An area for operations growth - Storage Area Nets in MANS

Gordon Cook cook at
Fri May 16 21:24:45 UTC 2003

Roxane Googin  is usually ahead of the competition in spotting trends 
in data net use.  here is what has has to say about enterprise use of 

COOK Report:  Where are the metro area networks going?

Googin:  Probably the killer application for the MAN is grid 
computing and storage area networks.  A lot of people think the 
driver for broadband access to the home is going to be multi-media. 
People, when they think about next generation networks, think home 
use.  But this is never where the money has been.  And no phone 
company is ever going to build the infrastructure.

Although these new real time applica tions will clearly send more 
data over the network, the real killer application is going to be 
remote storage and synchronous storage.  Synchronous storage means 
that you have two large servers doing the exact same thing at the 
exact same time in two different locations.

COOK Report:  Like a decentralized disk array?

Googin:  Yes.  The backbone has to be incredibly fast because you 
cannot complete a transaction until you have acknowledgments from 
both disk drives.  This will happen.  Probably this year.  What they 
are already doing is taking fiber channel and putting that on a 
Cienna Core Director optical switch port.  Half of the ports being 
sold on the Core Director now are fiber channel.  They aren't even 
Ethernet.  And this is used for storage area nets (SANs).  These are 
corporate MANs and will have nothing to do with sales to service 
providers.  They are bypass business services where the storage 
arrays may not be more than a kilometer or two apart.  These SANs are 
backing up continuously terabytes of data.  We are talking huge 
applications that will use every bit of access to every bit of 
capacity they can get.

COOK Report:  Is 9/11 a motivation for this?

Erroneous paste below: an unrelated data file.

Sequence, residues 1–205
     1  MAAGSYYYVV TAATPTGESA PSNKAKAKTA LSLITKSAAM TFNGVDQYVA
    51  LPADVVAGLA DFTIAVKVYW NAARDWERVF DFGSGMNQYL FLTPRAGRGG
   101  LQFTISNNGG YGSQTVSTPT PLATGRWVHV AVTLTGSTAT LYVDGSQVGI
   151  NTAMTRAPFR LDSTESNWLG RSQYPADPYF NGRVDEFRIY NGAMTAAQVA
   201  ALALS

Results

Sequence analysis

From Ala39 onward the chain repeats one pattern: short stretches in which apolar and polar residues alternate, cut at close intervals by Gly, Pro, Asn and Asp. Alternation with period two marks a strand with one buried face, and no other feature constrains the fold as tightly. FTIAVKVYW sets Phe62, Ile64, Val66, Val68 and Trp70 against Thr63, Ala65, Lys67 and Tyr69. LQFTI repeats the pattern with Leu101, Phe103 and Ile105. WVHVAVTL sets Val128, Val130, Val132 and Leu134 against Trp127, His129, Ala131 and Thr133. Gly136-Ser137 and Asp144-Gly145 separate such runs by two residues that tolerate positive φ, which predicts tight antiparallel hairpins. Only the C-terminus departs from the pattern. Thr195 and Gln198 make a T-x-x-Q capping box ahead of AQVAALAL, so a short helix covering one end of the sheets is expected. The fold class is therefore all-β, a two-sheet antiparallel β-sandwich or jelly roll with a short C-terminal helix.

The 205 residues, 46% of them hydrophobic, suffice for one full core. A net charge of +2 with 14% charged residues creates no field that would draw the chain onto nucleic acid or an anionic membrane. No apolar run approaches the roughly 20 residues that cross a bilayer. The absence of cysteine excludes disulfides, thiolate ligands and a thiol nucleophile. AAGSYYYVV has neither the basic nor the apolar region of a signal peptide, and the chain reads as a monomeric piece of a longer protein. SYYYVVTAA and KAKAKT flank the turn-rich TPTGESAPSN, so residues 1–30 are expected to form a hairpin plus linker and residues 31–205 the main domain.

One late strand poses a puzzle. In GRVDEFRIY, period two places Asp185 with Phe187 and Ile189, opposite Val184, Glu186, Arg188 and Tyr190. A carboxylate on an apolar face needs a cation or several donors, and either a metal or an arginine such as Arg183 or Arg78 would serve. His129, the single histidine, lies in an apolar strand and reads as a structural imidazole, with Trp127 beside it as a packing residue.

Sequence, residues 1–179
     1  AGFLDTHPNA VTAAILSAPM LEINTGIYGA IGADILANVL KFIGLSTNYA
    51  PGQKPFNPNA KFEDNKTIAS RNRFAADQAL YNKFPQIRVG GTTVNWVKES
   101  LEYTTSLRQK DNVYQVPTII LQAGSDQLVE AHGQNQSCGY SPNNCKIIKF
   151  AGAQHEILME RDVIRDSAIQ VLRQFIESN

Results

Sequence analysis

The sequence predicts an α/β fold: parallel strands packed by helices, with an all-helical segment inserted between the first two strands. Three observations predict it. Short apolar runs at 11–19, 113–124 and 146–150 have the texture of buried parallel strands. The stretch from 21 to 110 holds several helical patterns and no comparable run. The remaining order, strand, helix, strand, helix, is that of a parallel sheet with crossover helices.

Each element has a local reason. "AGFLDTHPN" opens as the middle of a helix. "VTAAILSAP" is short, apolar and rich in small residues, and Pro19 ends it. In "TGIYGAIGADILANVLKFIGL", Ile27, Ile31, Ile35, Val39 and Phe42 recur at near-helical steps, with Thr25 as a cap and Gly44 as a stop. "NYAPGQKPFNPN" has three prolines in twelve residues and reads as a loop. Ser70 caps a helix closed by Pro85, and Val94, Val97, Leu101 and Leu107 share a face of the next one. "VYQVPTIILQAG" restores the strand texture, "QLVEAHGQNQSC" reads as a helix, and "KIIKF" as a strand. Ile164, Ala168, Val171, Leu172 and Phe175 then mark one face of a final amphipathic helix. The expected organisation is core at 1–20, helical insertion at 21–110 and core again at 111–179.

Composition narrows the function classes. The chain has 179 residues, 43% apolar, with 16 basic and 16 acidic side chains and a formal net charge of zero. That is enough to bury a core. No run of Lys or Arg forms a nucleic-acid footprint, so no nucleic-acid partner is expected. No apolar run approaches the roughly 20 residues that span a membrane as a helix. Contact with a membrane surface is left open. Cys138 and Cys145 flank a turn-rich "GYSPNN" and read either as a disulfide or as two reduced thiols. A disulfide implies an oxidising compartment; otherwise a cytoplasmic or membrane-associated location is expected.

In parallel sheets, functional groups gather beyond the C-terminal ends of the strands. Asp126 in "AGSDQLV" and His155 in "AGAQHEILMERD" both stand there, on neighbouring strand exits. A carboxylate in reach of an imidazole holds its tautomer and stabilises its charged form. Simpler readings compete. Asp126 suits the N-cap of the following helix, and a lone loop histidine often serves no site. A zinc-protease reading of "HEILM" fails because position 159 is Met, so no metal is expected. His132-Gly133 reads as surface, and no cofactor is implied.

Googin:  Partly. Not only that but the whole paradigm of the real 
time organization will drive it.  It used to be that your server had 
its own storage.  It was a "stove pipe" connected to the CPU.  Now as 
soon as you decouple that "stove pipe," you can put it anywhere. 
What they are finding is that if they have two of them that are 
mirrored in real time and place remotely that they do not have to do 
as much management of resources.

COOK Report:  Then forget the disaster back up and recovery 
operations?  Those are the next to be marked for extinction?

Googin:  Oh yes.  It is so elegant.  The new architecture cannot be 
supported on direct attached storage.  It must move off the server 
and it is doing so.  If you have to go through a server to get to the 
storage, it simply doesn't work.  Storage can't become just a utility 
until you move it off the server.  The MAN will be backing up 
terabytes of data regularly and in real time. Disaster recovery, in 
real time, comes for "free".

For more detail please see

Fiber & Wireless as First Mile Technology - Fiber Business Models & 
The COOK Report on Internet, 431 Greenway Ave, Ewing, NJ 08618 USA
609 882-2572 (PSTN) 703 738-6031 (Vonage) cook at  Subscription
info & prices at    Fiber 
& Wireless as
First Mile Technology - Fiber Business Models & Architecture, July- 
September 2003,
130 pages available at

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